variable polarity in different ratio can be used for the separation of pure coumpounds
from plant extracts. The selection of appropriate solvent system for a particular plant
100
extract can only be achieved by analysing the Rf values of the compounds in different
solvent system.
In the present work, TLC profiling of the leaf extracts of Eurya japonica Thunb. and
Ficus auriculata Lour, in different solvent system indicated the presence of diverse
type of phytochemicals in the selected plants. Different Rf values of the compounds
also reflects on the idea about the polarity. This information will help in the selection
of appropriate solvent system for further separation of compound from these two plant
extracts. From the present result methanol extract of both the plants Eurya japonica
Thunb. and Ficus auriculata Lour, were chosen for further isolation of compounds by
column chromatography.

101
Table 9.3.1: TLC profiling and measurement of retention factor (Rf) of Eurya
japonica Thunb. leaf extract in different solvent system:

Eurya Developing solvent system


japonica 100% P.E 100% C 7:3 (PE-EA) 9:1 (PE-EA)
Thunb. No. R/value No. of R/value No. R/value No. R/value
extract: of spots of of
spots spots spots
Petroleum 1 0.33±0.03 5 0.06±0.01 4 0.1810.07 3. 0.1310.02
ether 0.24±0.04 0.2910.06 0.2610.04
extract 0.50±0.05 0.5410.05 0.9410.02
0.75±0.05 0.9310.03
0.94±0.02
Ethyl 1 0.56±0.11 3 0.13±0.03 6 0.13+0.03 4 0.2310.11
acetate 0.42±0.08 0.2210.04 0.3710.05
extract 0.90±0.03 0.29+0.05 0.7310.00
0.4710.10 0.9210.05
0.6510.06
0.8910.05
Acetone 3 0.06±0.01 5 0.08±0.03 6 0.1210.04 5 0.0710.01
extract 0.14±0.01 0.1110.03 0.4110.05 0.5610.16
0:26±0.06 0.19±0.03 0.5010.08 0.6410.15
0.46±0.11 0.60+0.06 0.9010.06
0.9510.01 0.8710.00 0.9810.00
0.9610.00

Methanol 2 0.13±0.01 4 0.14+0.00 3 0.2010.07 4 0.1610.02


extract 0.24±0.01 0.24+0.01 0.3110.03 0.3710.01
0.57+0.02 0.4410.01 0.6310.04
0.95+0.00 0.9310.01
Ethanol 2 0.09±0.02 3 0.0610.01 4 0.08+0.00 3 0.0510.01
extract 0.14±0.01 0.3210.19 0.1610.01 0.2010.07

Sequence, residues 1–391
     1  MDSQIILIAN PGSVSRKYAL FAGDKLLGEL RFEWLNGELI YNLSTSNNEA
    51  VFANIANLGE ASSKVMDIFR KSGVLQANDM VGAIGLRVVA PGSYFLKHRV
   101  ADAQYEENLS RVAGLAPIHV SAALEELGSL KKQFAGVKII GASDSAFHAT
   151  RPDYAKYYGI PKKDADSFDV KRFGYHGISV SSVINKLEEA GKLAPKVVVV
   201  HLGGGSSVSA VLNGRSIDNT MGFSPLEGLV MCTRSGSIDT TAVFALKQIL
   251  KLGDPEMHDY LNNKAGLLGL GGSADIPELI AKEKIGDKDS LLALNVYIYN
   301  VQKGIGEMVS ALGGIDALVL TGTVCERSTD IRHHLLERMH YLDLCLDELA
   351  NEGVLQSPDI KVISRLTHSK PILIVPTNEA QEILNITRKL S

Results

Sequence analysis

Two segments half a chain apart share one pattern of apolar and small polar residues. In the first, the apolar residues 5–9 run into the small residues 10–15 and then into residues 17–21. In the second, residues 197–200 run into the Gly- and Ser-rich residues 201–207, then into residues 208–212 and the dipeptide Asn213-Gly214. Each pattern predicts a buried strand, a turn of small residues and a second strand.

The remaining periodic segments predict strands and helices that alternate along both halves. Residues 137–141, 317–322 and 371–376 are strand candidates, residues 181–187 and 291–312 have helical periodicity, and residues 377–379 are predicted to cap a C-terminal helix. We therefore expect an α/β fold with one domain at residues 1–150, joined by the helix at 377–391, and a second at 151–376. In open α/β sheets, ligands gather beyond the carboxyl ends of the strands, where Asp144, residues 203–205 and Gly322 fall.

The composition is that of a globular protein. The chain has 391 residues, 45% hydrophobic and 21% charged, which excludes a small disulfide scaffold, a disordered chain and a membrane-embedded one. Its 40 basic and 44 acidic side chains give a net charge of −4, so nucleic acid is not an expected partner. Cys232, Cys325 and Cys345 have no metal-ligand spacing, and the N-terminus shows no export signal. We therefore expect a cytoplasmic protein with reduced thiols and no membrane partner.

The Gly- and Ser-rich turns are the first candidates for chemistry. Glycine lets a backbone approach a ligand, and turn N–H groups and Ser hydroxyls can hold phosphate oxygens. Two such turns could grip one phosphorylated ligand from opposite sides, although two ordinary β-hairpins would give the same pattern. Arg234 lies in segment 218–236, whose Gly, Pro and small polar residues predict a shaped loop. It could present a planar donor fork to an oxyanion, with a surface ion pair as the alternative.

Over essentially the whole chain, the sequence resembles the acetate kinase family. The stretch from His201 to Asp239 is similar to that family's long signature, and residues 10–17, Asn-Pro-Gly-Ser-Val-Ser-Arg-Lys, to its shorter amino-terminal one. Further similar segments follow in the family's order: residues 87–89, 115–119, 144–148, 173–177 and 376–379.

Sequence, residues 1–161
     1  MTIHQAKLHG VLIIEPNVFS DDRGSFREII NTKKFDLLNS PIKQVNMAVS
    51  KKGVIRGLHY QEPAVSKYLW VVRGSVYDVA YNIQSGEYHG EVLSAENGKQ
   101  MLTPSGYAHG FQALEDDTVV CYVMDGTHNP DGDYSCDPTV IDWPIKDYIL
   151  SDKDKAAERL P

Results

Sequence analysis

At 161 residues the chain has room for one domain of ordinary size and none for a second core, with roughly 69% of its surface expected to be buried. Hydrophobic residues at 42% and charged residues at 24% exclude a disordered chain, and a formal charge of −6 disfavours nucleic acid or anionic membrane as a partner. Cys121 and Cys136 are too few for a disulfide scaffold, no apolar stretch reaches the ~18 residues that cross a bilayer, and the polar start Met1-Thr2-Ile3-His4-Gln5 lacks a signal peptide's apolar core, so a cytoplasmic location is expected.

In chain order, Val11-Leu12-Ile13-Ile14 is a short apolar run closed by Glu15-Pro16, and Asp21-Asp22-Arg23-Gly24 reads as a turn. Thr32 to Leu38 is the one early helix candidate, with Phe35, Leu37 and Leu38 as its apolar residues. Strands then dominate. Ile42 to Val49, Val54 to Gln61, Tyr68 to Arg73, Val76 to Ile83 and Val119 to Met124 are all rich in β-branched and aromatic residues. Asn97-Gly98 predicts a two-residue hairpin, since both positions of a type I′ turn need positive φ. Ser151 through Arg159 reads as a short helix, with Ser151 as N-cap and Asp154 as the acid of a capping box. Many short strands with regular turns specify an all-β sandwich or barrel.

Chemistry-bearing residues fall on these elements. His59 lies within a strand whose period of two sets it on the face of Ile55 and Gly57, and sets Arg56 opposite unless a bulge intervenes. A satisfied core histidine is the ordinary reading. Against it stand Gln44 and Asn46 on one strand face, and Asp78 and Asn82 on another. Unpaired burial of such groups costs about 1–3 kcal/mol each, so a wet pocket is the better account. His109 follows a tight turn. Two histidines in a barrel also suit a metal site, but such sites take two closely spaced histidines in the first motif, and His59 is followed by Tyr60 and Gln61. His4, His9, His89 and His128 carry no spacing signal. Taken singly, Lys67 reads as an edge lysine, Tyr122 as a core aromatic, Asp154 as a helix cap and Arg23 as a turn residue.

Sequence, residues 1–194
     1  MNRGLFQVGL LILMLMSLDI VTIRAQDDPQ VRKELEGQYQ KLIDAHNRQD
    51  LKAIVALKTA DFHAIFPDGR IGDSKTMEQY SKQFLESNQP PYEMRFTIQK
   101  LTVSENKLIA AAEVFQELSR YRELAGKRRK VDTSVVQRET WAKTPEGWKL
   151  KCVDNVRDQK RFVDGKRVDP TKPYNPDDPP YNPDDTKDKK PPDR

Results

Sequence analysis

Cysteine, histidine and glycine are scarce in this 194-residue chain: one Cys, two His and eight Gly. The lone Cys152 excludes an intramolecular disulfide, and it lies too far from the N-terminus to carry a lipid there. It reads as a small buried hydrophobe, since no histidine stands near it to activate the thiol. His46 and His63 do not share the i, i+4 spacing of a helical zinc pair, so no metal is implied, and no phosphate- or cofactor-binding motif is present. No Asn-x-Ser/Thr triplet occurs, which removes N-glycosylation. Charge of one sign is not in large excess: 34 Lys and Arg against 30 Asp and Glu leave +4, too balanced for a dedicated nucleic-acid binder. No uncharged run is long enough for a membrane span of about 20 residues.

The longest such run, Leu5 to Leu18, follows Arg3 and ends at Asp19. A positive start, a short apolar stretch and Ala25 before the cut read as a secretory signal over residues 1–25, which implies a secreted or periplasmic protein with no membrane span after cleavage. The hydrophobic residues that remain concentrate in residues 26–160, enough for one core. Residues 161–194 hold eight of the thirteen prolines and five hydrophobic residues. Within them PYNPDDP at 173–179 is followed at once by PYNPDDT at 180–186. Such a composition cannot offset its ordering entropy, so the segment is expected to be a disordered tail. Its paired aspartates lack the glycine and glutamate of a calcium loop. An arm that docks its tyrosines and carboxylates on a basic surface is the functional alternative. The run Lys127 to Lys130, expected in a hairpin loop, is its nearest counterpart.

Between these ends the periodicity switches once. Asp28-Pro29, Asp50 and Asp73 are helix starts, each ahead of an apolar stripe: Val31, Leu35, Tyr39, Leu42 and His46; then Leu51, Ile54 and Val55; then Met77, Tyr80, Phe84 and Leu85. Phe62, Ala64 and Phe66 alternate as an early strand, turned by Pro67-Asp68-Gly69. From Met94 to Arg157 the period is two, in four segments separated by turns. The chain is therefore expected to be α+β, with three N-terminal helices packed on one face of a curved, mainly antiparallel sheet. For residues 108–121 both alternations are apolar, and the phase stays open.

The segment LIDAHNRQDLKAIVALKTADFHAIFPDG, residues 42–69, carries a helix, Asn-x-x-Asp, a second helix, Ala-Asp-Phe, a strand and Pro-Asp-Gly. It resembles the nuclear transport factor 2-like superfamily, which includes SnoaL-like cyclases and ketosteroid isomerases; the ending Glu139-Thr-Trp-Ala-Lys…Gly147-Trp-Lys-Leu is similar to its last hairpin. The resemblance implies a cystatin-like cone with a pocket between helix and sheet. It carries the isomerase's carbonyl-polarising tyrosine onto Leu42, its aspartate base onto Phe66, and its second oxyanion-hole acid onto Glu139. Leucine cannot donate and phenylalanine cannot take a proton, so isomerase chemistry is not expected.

0.4810.16 0.3810.04 0.2610.05
0.5010.02

Results are expressed as mean ISD (n=3)

102
Table 9.3.2: TLC profiling and measurement of retention factor (Rf) of Ficus
auriculata Lour, leaf extract in different solvent system .•

Ficus Developing solvent system

auriculata 100% P.E 100% C 7:3 (PE-EA) 9:1 (PE-EA)

Lour.extract : No. R/value No. R/value No. R/value No. R/value

of of of of

spots spots spots spots

Petroleum 1 0.24±0.02 3 0.3310.01 2 0.4410.16 3 0.2510.06

ether extract 0.5910.03 0.8810.03 0.5210.05

0.8510.05 ' 0.7610.05

Ethyl acetate 3 0.15±0.07 5 0.2010.02 3 0.6410.02 3 0.3110.14

extract 0.53±0.12 0.2510.00 0.7010.02 0.3910.09

0.96±0.02 0.3310.00 0.7610.02 0.9510.01

0.5110.05

0.8410.07

Acetone 3 0.12±0.03 4 0.1710.02 3 0.4910.02 4 0.1810.02

extract 0.26±0.13 0.4510.09 0.7810.03 0.2510.01

0.35±0.12 0.7310.03 0.9010.03 0.3310.03

0.9510.01 0.9410.01

Methanol 3 0.1610.05 5 0.1410.01 4 0.1310.04 4 0.1610.00

extract 0.2510.07 0.3210.02 0.5010.01 0.3010.01

0.3310.12 0.5810.05 0.6410.02 0.5410.02

0.76+0.05 0.7510.00 0.8210.01

0.8810.03

Ethanol 2 0.1410.02 2 0.5710.15 4 0.5310.06 4 0.4210.01

extract 0.2510.01 0.6510.14 0.5910.03 0.4910.02

0.6810.03 0.7510.03

0.7710.04 0.7910.04

Results are expressed as mean ISD (n=3)

103
Photo Plate 9.3.1 : TLC profiling plates oiEurya japonica Thunb;

DIlDlJ
HD
Figure 9.3.1: A) Acetone extract at P.E:E.A (7:3). B) Acetone extract at 100% P.E.
C) Ethyl acetate extract at P.E:E.A (7:3). D) Methanol extract at P.E:E.A (7:3).
E) Petroleum ether extract at P.E:E.A (7:3). F) Ethanol extract at 100%C.

Photo Plate 9.3.2: TLC profiling plates of Ficus auriculata Lour:

Figure 9.3. 2: A. Methanol extract at P.E:E.A (7:3). B. Ethyl acetate extract at 100%
P.E. C. Acetone extract at 100%C. D. Methanol extract at P.E:E.A (9:1).

104
9.3.2: Column chromatography:
Column chromatography of the methanol leaf extracts of Eurya japonica Thunb and
Ficus auriculata Lour has helped to collect some fractions. These fractions were
subjected to Preparative TLC.

Table 9.3.3: Column chromatography fractions of leaf extract of the plants under
study:
Eluent Fraction Remark
Eurya japonica Thunb.
P.E:E.A(9:1) 1 (EJ-1) Dark green colour
Ficus auriculata Lour.
P.E:E.A(9:1) 1 (FA-1) Dark green color

The Preparative TLC of the fraction (Figure 9.3.3) of Eurya japonica Thunb.